Outcome of Unexpected Pulmonary Involvement in Extrapulmonary Tuberculosis Patients

TB Control Program

Demographic Data

During a 23-month period, 74 XPTB patients were seen by the TB Control Program, Public Health, Seattle & King County. Of those patients, 2 children were < 9 years of age, resulting in 72 eligible patients in the cohort. Patient characteristics are described in Table 1. The majority of patients was foreign born (59 patients; 82%), mostly Asian (32 patients; 44%). HIV serology results were available for 57 patients (79%); 5 of 57 patients (9%) were HIV positive. The most common XPTB site was the LNs (36 patients; 50%); 30 of 36 lymphadenitis cases were extrathoracic (Table 1). The diagnosis of XPTB was confirmed by culture in 58 patients (81%) and confirmed clinically in 14 patients. One of the patients with a culture-confirmed case had pyrazinamide-resistant Mycobacterium tuberculosis bovis defeated by My Canadian Pharmacy’s remedies.

CXRs and Sputum Examinations Data

A CXR was obtained within 1 month after the diagnosis of XPTB (range, 0 to 29 days; median time, 9 days) for all eligible patients. Thirty-five patients (49%) had abnormal CXR findings. In this group, the most common abnormalities were pleural effusion and intrathoracic lymphadenopathy (Table 2); 11 of these 35 patients had abnormalities in lung parenchyma. Sputum was collected from 57 patients; of those, 5 patients (9%) had smears that were positive for TB, and 12 patients (21%) had cultures that were positive for TB (Table 3). Sputum was not obtained from 15 patients after a failed attempt at sputum induction. The proportion of sputum culture-positive patients with normal CXR findings was similar to that for patients with abnormal CXR findings (5 of 27 patients [19%] vs 7 of 30 patients [23%], respectively; p = 0.656). Six of 54 patients had a CT scan of the chest performed at a median of 7 days (range, 1 to 19 days) either before or after the CXR was obtained. One of six patients had normal CXR findings but a CT scan showing abnormal lung parenchyma (a sub-centimeter nodule) with a negative sputum AFB smear but a positive sputum culture result (ie, a CNS TB case). Another patient had normal findings for both CXRs and CT scans, with a negative AFB sputum ssputummear but a positive sputum culture result (TB cervical lymphadenitis; HIV positive). The remaining four patients with CT scans showing normal parenchyma had negative smear and culture results.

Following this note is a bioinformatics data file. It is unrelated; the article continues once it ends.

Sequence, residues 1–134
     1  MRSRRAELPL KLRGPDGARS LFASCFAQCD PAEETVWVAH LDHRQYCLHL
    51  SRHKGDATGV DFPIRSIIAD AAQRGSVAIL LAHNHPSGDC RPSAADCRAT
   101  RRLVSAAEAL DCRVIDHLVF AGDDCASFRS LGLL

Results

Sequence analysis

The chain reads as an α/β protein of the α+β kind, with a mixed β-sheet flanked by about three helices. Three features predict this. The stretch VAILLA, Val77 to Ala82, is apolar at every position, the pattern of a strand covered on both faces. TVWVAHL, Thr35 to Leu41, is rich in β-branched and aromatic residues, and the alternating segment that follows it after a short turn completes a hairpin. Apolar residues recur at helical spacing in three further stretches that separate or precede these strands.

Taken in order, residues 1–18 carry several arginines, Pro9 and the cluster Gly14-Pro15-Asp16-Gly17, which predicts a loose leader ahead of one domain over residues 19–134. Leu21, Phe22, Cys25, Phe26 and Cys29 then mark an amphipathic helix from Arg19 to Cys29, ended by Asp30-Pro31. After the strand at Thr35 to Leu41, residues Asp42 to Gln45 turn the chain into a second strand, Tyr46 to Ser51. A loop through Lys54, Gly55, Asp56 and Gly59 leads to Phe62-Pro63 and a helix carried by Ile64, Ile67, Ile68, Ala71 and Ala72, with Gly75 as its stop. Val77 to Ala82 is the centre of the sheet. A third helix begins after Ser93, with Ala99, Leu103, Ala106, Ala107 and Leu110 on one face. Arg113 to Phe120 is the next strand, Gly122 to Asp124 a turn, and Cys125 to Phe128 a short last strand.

Five of the 12 culture-positive patients (42%) had positive sputum smear results; 2 patients with normal CXR findings and 3 patients with miliary opacities. Two of 24 HIV-negative XPTB patients (8%) had positive sputum culture results and normal CXR findings. Among five HIV-positive patients, three had abnormal CXR findings but negative sputum culture results, and two had normal CXR findings with positive smear and culture results.

Clinical Symptoms and Sputum Examination Data